Political vocabulary and Brother Cream

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BBC News has a nice article by Tzu-Wei Liu on "The politics of a martial arts book fair in Hong Kong" (7/26/16).  The article is accompanied by six photographs; I will focus on the two that interest me most (because they are both language related), the third and the sixth.

Here's the third photograph:

It shows Pang Chi-ming, chief of the local publishing company Subculture Ltd, who is standing in front of a display for the hot-selling book, Hong Kong's New Political Vocabulary.  This is a dictionary featuring around 150 new Chinese characters (not words) made up by the authors.  Behind Pang in the photograph, the Chinese title of the book may be seen:  Xiānggǎng xīnzhèng zì 香港新政字 (New political characters for Hong Kong).  The article describes the contents of the book thus:

The authors argue that recent social movements such as the pro-democracy Occupy Central protests have created a new, more defiant language in Hong Kong.

Fair enough.  But then the article continues:

Because Chinese characters are pictographs, the authors replaced the components of existing Chinese characters to give them complex new meanings.

Chinese characters are overwhelmingly not pictographs and, judging from the newly created characters visible on the poster in the background, it is more a question of creating entirely new characters rather than replacing the components of existing characters.  For example, one of the new characters consists of guó 国 ("country") on the left and two zhì 制 ("system") — one placed on top of the other — on the right side.  If you ask me how to pronounce this new character, in Mandarin I would say "yīguóliǎngzhì 一国两制" ("one country two systems"), making it another of those polysyllabic characters that we have studied before:

I invite Language Log readers to interpret some of the other new characters on the poster or, for those who are in Hong Kong, perhaps someone can go over to the Book Fair and buy a copy to see what other treasures are inside.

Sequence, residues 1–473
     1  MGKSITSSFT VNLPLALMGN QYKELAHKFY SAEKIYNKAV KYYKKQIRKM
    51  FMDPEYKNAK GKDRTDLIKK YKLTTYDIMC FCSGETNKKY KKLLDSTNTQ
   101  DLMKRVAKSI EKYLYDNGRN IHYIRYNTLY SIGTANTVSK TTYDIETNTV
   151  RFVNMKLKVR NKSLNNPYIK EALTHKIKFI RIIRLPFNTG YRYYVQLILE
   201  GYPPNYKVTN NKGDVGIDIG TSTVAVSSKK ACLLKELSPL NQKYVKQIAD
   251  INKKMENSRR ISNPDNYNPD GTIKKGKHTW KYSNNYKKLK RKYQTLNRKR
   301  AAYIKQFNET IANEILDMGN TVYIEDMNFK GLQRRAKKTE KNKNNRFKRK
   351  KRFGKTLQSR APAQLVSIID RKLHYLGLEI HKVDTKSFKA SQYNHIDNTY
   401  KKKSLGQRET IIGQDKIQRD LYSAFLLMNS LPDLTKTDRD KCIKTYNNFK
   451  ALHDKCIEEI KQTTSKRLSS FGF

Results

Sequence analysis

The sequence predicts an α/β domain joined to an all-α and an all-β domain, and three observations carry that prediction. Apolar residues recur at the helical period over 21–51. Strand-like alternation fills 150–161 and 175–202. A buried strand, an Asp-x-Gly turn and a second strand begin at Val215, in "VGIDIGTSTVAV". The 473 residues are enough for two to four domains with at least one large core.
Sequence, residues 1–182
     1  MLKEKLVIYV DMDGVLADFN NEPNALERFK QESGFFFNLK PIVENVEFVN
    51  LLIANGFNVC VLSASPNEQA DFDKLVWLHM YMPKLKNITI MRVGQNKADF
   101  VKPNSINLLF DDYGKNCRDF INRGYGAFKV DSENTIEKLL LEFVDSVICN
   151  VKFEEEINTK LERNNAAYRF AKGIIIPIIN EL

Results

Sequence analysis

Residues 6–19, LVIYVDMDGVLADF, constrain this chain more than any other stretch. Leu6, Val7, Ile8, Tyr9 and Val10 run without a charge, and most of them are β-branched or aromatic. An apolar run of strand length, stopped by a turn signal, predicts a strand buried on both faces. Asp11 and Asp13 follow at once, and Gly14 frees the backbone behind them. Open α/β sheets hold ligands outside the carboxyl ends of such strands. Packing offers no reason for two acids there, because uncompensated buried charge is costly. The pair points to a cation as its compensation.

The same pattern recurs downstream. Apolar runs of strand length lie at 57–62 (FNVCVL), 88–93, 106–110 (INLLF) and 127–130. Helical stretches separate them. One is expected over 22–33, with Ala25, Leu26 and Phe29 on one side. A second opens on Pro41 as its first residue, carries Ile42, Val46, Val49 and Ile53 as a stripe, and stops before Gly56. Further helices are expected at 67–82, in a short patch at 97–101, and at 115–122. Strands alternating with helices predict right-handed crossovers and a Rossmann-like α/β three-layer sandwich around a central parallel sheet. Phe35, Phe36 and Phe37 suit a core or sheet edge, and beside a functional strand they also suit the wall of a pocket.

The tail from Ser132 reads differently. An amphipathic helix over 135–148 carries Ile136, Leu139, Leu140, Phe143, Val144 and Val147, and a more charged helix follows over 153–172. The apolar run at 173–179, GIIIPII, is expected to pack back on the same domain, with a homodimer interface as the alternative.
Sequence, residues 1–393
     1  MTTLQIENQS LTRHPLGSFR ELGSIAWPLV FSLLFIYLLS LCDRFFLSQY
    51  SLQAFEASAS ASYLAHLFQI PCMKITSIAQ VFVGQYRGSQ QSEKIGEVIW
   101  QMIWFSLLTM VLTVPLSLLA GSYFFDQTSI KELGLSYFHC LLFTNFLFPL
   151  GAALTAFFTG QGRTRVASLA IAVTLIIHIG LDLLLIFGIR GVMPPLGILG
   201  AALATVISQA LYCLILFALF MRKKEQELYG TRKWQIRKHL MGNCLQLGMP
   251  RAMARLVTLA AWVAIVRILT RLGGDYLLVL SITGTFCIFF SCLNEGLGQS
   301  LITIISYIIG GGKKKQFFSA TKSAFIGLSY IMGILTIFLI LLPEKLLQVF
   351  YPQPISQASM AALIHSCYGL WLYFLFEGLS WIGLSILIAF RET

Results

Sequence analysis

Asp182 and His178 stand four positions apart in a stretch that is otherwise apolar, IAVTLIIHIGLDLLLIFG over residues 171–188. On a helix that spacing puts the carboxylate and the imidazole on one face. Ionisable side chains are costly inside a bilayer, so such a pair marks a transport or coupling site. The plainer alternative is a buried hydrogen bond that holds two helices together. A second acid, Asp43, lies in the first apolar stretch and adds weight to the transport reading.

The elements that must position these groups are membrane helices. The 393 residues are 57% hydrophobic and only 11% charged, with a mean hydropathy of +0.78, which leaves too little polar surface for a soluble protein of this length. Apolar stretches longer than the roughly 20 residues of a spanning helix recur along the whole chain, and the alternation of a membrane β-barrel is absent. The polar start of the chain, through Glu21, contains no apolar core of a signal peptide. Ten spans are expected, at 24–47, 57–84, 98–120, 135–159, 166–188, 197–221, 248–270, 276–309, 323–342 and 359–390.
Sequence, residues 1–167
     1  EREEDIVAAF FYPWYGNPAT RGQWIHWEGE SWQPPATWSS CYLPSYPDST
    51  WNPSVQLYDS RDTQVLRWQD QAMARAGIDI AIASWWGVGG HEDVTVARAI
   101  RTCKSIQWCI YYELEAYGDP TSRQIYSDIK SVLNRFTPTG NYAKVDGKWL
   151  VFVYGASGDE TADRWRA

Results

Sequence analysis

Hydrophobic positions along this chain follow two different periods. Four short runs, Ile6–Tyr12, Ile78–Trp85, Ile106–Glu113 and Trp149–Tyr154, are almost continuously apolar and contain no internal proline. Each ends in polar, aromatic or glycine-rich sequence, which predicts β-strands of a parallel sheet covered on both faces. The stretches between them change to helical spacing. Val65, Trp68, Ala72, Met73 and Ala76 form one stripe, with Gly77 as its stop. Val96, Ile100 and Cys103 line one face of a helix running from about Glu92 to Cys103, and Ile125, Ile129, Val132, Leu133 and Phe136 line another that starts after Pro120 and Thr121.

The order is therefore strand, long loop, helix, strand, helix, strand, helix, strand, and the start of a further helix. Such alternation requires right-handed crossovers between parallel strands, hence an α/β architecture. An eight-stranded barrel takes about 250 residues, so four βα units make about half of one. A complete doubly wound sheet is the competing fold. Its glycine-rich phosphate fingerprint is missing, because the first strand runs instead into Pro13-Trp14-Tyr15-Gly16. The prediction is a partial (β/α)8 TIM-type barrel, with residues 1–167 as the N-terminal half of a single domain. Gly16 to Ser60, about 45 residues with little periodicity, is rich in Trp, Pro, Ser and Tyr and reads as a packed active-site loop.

The sixth and last photograph in the article is this:

That's handsome, pudgy Brother Cream (b. 2005), my friends, and he just happens to be the most famous cat in Hong Kong.  Brother Cream, a male British Shorthair, has several aliases and nicknames, but his formal name is Tsim Sha Tsui East Brother Cream (Cant. Zim1dung1 Gei6lim4 Go1; Mand. Jiāndōng Jìlián Gē 尖東忌廉哥 / 尖东忌廉哥).  Do not try to make sense of 忌廉 (lit., "avoid / shun / abstain from incorrupt"); it is the Cantonese phonetic transcription — gei6lim4 — of English "cream".

This reminds me of a funny story about my son and his maternal grandma, my mother-in-law.  When he was about two years old and fluent only in Mandarin, his wàipó 外婆 took him to the nearby McDonald's, and he asked her to buy him some bīngqílín 冰淇淋 (that's the Mandarin word for "ice cream").  My mother-in-law didn't speak a word of English, but she knew that the latter part of "bīngqílín 冰淇淋" was a foreign word, so she very cleverly thought to herself that she'd just say the "qílín 淇淋" (transcription of English "cream") part with what she perceived to be a foreigner's "twist".  So she walked up to the counter and announced confidently:  "binkteelink!"  At first the person at the counter was dumbfounded, but she kept repeating the word and making animated gestures, so finally my son got what he wanted.

I could tell endless stories of this sort about my mother-in-law and my son when he was a little boy, but will save them for another occasion.

But why is Brother Cream the star of the Hong Kong Book Fair?